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Treasury Secretary Janet Yellen in the Capitol in August 2021. Photo: Anna Moneymaker/Getty Images

Treasury Secretary Janet Yellen again called on congressional leaders to raise the debt ceiling in a letter Wednesday, saying the country may soon be unable to meet its financial obligations if nothing is done.

Why it matters: Yellen said the Treasury estimates that it will run out of cash and "extraordinary measures" used to finance the government in October.

  • A default — which has never before occurred in U.S. history — would "likely cause irreparable damage to the U.S. economy and global financial markets," Yellen said.
  • The last debt-limit suspension, passed in 2019, lapsed on July 31.

Republican lawmakers have threatened to vote against raising the debt ceiling, arguing that it will only promote more government spending.

  • Senate Minority Leader Mitch McConnell (R-Ky.) has instead urged Democrats to pass an increase through their proposed $3.5 trillion budget reconciliation package because it cannot be filibustered by Republicans.
  • The move is McConnell's attempt at making it easier to saddle his opponents politically with greater debt. But the reconciliation process may not be finished before the Treasury breaches the debt limit, which could force some Republicans to vote for an increase, Axios' Hans Nichols reports.
  • Yellen opposes a debt ceiling increase through a budget reconciliation package, saying it should instead be passed "through regular order, with broad bipartisan support."

What they're saying: "We have learned from past debt limit impasses that waiting until the last minute to suspend or increase the debt limit can cause serious harm to business and consumer confidence, raise short term borrowing costs for taxpayers, and negatively impact the credit rating of the United States," Yellen said in the letter.

  • "At a time when American families, communities, and businesses are still suffering from the effects of the ongoing global pandemic, it would be particularly irresponsible to put the full faith and credit of the United States at risk."
  • Yellen said there is considerable uncertainty surrounding exactly when the Treasury will run out of funding in part because of the coronavirus pandemic and spending associated with COVID relief programs.

House Speaker Nancy Pelosi (D-Calif.) said in a press conference on Wednesday that Democrats will not include a debt ceiling increase in the reconciliation package.

The big picture: Since the debt limit was reinstated on Aug 1, the Treasury has been forced to resort to "extraordinary measures" to service debt, such as by suspending investments in certain federal retirement and health funds.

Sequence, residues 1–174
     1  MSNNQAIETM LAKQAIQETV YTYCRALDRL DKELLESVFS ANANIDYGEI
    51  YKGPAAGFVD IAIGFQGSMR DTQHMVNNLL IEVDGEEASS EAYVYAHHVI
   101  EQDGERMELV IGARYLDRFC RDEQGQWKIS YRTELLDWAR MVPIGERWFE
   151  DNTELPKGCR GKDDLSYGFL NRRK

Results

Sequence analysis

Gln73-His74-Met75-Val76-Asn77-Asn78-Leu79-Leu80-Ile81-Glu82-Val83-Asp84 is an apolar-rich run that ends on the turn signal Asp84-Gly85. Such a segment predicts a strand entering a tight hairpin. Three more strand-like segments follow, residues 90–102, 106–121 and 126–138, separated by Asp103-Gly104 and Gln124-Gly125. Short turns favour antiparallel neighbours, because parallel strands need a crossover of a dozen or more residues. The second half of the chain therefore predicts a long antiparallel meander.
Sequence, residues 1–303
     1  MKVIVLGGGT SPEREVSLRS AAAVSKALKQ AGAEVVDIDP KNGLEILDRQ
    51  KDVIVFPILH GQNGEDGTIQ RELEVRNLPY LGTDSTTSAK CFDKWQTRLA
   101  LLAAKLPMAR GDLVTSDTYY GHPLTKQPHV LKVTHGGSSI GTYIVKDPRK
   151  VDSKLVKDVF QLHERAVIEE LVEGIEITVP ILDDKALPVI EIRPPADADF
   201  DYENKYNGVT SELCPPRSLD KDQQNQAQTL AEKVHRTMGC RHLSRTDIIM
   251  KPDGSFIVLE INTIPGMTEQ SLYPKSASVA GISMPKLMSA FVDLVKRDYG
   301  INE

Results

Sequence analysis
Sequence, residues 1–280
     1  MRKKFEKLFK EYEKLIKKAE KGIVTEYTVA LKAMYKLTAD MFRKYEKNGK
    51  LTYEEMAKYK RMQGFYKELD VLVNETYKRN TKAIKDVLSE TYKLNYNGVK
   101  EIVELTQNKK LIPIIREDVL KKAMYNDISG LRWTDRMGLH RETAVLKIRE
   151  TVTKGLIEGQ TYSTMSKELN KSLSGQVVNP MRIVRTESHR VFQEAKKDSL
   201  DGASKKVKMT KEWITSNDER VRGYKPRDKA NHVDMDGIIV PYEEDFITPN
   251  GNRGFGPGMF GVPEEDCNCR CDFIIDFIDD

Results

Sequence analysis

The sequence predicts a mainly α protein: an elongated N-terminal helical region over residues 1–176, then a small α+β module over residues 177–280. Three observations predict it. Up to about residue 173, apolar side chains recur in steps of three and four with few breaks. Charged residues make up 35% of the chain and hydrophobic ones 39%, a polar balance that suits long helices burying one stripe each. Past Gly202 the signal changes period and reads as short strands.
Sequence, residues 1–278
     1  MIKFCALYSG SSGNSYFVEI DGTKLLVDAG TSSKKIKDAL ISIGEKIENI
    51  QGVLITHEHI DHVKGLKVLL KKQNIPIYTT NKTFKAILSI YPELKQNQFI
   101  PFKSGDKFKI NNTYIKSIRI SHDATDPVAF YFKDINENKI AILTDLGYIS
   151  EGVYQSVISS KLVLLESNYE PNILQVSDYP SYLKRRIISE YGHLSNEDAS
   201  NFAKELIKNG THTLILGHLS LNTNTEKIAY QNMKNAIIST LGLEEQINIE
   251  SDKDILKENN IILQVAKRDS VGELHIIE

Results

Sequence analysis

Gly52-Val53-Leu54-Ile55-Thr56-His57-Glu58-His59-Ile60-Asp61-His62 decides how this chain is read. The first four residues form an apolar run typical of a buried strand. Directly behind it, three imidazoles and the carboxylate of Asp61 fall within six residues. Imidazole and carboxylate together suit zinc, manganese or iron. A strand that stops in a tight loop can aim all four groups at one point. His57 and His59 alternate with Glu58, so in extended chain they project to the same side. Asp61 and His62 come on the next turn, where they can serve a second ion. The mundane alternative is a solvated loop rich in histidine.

• The debt ceiling does not determine how much the government spends but only how much the government can borrow to pay for spending approved by Congress.
  • Republicans and Democrats worked together to raise the borrowing limit three times throughout the Trump administration and several times in other previous administrations.

Go deeper: White House seeks to coordinate debt-ceiling message

Go deeper

Dan Primack, author of Pro Rata
Oct 22, 2021 - Economy & Business

Congressional Democrats take aim at private equity

Illustration: Shoshana Gordon/Axios

Congressional Democrats are again taking aim at private equity, but they don't have much more firepower than the last time around.

Driving the news: The Senate Banking Committee held a pair of hearings earlier this week, one focused broadly on PE misdeeds and one focused specifically on PE's role in the U.S. housing market. The former was chaired by Sen. Elizabeth Warren (D-Mass.) and the latter by Sen. Sherrod Brown (D-Ohio).

Mike Allen, author of AM
43 mins ago - Politics & Policy

Fauci fires back at Rand Paul for slam on tonight's "Axios on HBO"

Responding to charges by Sen. Rand Paul on Sunday's "Axios on HBO," NIAID director Anthony Fauci told "ABC This Week" that it's "molecularly impossible" for U.S.-funded bat virus research in China to have produced COVID-19.

Why it matters: The issue 0f Wuhan research was reignited on the right last week with a National Institutes of Health letter to Congress disclosing more about the research.

Manchin, Schumer huddle with Biden in Delaware to discuss spending bill

Senate Majority Leader Chuck Schumer (L) and Sen. Joe Manchin (R) at the U.S. Capitol on Nov. 13, 2014. Photo: Win McNamee/Getty Images

Sen. Joe Manchin (D-W.Va.) will meet with President Biden and Senate Majority Leader Charles Schumer (D-N.Y.) on Sunday morning in Delaware as Democrats look to reach an agreement on the massive spending measure.

Driving the news: Democrats are still negotiating what to keep in the bill and how to pay for it, with Biden saying on Thursday that the party does not have the votes to raise the corporate tax rate.

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